${\left(X+h\right)}^{2}+{\left(Y+k\right)}^{2}-5\left(X+h\right)+2\left(Y+k\right)-5=0\phantom{\rule{0ex}{0ex}}⇒{X}^{2}+2hX+{h}^{2}+{Y}^{2}+2kY+{k}^{2}-5X-5h+2Y+2k-5=0\phantom{\rule{0ex}{0ex}}⇒{X}^{2}+{Y}^{2}+X\left(2h-5\right)+Y\left(2k+2\right)+{k}^{2}+{h}^{2}-5h+2k-5=0$

For this equation to be free from the terms containing X and Y, we must have

Hence, the origin should be shifted to the point .

(iii) Substituting x = X + h and y = Y + k in the equation x2 − 12x + 4 = 0, we get:

${\left(X+h\right)}^{2}-12\left(X+h\right)+4=0\phantom{\rule{0ex}{0ex}}⇒{X}^{2}+2hX+{h}^{2}-12X-12h+4=0\phantom{\rule{0ex}{0ex}}⇒{X}^{2}+X\left(2h-12\right)+{h}^{2}-12h+4=0$

For this equation to be free from the terms containing X and Y, we must have

Hence, the origin should be shifted to the point .

#### Question 8:

Verify that the area of the triangle with vertices (4, 6), (7, 10) and (1, −2) remains invariant under the translation of axes when the origin is shifted to the point (−2, 1).

Let the vertices of the given triangle be A(4, 6), B(7, 10) and C(1,− 2).

As the origin is shifted to the point (−2, 1), the vertices of the triangle ABC will be

Now, area of triangle A'B'C':

$\frac{1}{2}\left|{x}_{1}\left({y}_{2}-{y}_{3}\right)+{x}_{2}\left({y}_{3}-{y}_{1}\right)+{x}_{3}\left({y}_{1}-{y}_{2}\right)\right|\phantom{\rule{0ex}{0ex}}=\frac{1}{2}\left|6\left(9+3\right)+9\left(-3-5\right)+3\left(5-9\right)\right|\phantom{\rule{0ex}{0ex}}=6$

So, in both the cases, the area of the triangle is 6 sq. units.

Hence, area of the triangle remains invariant.

#### Question 1:

The vertices of a triangle are O (0, 0), A (a, 0) and B (0, b). Write the coordinates of its circumcentre.

The coordinates of circumcentre of a triangle are the intersection of perpendicular bisectors of any two sides of the triangle.

Thus, the coordinates of circumcentre of triangle OAB are , as shown in the figure.

#### Question 2:

In Q.No. 1, write the distance between the circumcentre and orthocentre of ∆OAB.

The coordinates of circumcentre of a triangle are the point of intersection of perpendicular bisectors of any two sides of the triangle.

Thus, the coordinates of the circumcentre of triangle OAB is ,as shown in the figure.
We know that the orthocentre of a triangle is the intersection of any two altitudes of the triangle.
So, the orthocentre of triangle OAB is the origin O(0, 0).

$\therefore$ Distance between the circumcentre and orthocentre of ∆OAB = OC

$⇒OC=\sqrt{{\left(\frac{a}{2}-0\right)}^{2}+{\left(\frac{b}{2}-0\right)}^{2}}=\frac{\sqrt{{a}^{2}+{b}^{2}}}{2}$

#### Question 3:

Write the coordinates of the orthocentre of the triangle formed by points (8, 0), (4, 6) and (0, 0).

The intersection point of three altitudes of a triangle is called orthocentre.

In the figure, two altitudes ON and BM of $∆$OAB are shown.

Slope of AB = $\frac{6-0}{4-8}=-\frac{3}{2}$

$\therefore$ Slope of ON
Equation of ON:

$\left(y-0\right)=\frac{2}{3}\left(x-0\right)\phantom{\rule{0ex}{0ex}}y=\frac{2}{3}x$              ... (1)

Equation of BM:

x = 4                ... (2)

On solving equations (1) and (2), we get as the coordinates of the orthocentre.

#### Question 4:

Three vertices of a parallelogram, taken in order, are (−1, −6), (2, −5) and (7, 2). Write the coordinates of its fourth vertex.

Let be the vertices of the parallelogram ABCD.
Let the coordinates of D be (x, y).

Since, diagonals of a parallelogram bisect each other,

Hence, the coordinates of the fourth vertex D are (4, 1).

#### Question 5:

If the points (a, 0), (at12, 2at1) and (at22, 2at2) are collinear, write the value of t1 t2.

For the points (a, 0), (at12, 2at1) and (at22, 2at2) to be collinear, the following condition has to be met:

$\left|\begin{array}{ccc}a& 0& 1\\ a{{t}_{1}}^{2}& 2a{t}_{1}& 1\\ a{{t}_{2}}^{2}& 2a{t}_{2}& 1\end{array}\right|=0\phantom{\rule{0ex}{0ex}}⇒a\left(2a{t}_{1}-2a{t}_{2}\right)-0+1\left(2{a}^{2}{{t}_{1}}^{2}{t}_{2}-2{a}^{2}{t}_{1}{{t}_{2}}^{2}\right)=0\phantom{\rule{0ex}{0ex}}⇒2{a}^{2}\left({t}_{1}-{t}_{2}\right)+2{a}^{2}{t}_{1}{t}_{2}\left({t}_{1}-{t}_{2}\right)=0\phantom{\rule{0ex}{0ex}}⇒2{a}^{2}\left({t}_{1}-{t}_{2}\right)\left(1+{t}_{1}{t}_{2}\right)=0$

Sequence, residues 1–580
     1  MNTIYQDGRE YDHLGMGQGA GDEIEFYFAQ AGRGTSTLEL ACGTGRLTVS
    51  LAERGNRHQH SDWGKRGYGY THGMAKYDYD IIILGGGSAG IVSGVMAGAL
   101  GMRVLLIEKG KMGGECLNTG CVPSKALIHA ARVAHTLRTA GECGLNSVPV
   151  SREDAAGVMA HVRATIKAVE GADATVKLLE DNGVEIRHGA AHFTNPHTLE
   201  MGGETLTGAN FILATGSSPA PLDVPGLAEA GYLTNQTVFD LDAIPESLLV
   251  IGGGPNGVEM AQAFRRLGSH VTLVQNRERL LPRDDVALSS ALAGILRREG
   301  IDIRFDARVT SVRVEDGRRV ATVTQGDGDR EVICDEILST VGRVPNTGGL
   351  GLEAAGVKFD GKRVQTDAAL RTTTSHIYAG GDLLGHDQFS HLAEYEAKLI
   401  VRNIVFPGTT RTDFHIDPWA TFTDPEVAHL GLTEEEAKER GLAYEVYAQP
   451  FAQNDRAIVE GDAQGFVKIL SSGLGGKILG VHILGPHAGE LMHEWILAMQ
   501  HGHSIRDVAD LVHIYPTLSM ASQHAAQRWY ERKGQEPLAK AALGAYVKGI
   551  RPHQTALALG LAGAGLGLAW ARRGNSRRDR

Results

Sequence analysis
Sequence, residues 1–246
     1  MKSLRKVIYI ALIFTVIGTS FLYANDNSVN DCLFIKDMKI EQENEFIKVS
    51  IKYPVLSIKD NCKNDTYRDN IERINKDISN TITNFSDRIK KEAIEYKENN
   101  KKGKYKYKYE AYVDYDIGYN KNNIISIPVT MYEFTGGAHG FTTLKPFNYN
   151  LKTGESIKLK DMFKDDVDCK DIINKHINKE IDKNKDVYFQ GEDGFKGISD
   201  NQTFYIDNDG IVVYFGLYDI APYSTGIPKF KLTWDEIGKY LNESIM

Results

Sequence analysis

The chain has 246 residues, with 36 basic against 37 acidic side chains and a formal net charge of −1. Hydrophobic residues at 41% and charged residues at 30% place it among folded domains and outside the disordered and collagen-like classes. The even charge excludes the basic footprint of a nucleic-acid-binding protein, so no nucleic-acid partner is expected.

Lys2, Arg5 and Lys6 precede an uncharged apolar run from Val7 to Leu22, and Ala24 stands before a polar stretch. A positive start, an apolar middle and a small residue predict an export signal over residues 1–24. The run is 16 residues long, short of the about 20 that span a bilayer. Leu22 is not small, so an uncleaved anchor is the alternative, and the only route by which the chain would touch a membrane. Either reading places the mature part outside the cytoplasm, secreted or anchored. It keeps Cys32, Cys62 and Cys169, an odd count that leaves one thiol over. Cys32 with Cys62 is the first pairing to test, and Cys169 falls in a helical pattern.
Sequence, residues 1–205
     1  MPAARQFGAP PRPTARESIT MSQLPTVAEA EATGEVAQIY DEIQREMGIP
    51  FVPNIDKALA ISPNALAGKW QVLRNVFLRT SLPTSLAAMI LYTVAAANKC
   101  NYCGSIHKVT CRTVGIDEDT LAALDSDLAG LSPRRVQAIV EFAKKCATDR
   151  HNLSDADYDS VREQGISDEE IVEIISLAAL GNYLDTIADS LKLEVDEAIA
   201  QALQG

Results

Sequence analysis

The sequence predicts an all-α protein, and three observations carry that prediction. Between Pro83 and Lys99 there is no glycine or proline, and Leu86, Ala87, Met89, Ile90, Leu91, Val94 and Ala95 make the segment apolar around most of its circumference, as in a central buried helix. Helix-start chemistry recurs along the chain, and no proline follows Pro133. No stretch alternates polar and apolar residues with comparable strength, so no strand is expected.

#### Question 6:

If the coordinates of the sides AB and AC of  ∆ABC are (3, 5) and (−3, −3), respectively, then write the length of side BC.

Disclaimer: In the question it should have been the coordinates of the mid points of AB and AC are (3, 5) and ($-$3, $-$3)

Given: the coordinates of the midpoints of AB and AC are (3,5) and ($-$3, $-$3).
Let, D and E be the midpoints of AB and AC, respectively.

Now, as D and E are midpoints of AB and AC respectively,
by the mid-points theorem,

#### Question 7:

Write the coordinates of the circumcentre of a triangle whose centroid and orthocentre are at (3, 3) and (−3, 5), respectively.

Let the coordinates of the circumcentre of the triangle be C(x, y).
Let the points O($-$3, 5) and G(3, 3) represent the coordinates of the orthocentre and centroid, respectively.

We know that the centroid of a triangle divides the line joining the orthocentre and circumcentre in the ratio 2:1.

Hence, the coordinates of the circumcentre is (6, 2).

#### Question 8:

Write the coordinates of the in-centre of the triangle with vertices at (0, 0), (5, 0) and (0, 12).

Let A(0,0), B(5, 0) and C(0, 12) be the vertices of the given triangle.
In-centre I of a triangle with vertices is given by:

, where a = BC, b = AC and c = AB.

Now,

$a=BC=\sqrt{{\left(5-0\right)}^{2}+{\left(0-12\right)}^{2}}=13\phantom{\rule{0ex}{0ex}}b=AC=\sqrt{0+{12}^{2}}=12\phantom{\rule{0ex}{0ex}}c=AB=\sqrt{0+{5}^{2}}=5$

Hence, the coordinates of the in-centre of the triangle with vertices at (0, 0), (5, 0) and (0, 12) is (2, 2).

#### Question 9:

If the points (1, −1), (2, −1) and (4, −3) are the mid-points of the sides of a triangle, then write the coordinates of its centroid.

Let P(1, −1), Q(2, −1) and R(4, −3) be the mid-points of the sides AB, BC and CA, respectively, of $∆$ABC.
Let be the vertices of $∆$ABC.
Since, P is the mid-point of AB,

... (1)

Q is the mid-point of BC.

... (2)

R is the mid-point of AC.

... (3)

Adding equations (1), (2) and (3), we get:

${x}_{1}+{x}_{2}+{x}_{3}=1+2+4=7\phantom{\rule{0ex}{0ex}}{y}_{1}+{y}_{2}+{y}_{3}=-1-1-3=-5$

Hence, the coordinates of the centroid of the triangle is .

#### Question 10:

Write the area of the triangle with vertices at (a, b + c), (b, c + a) and (c, a + b).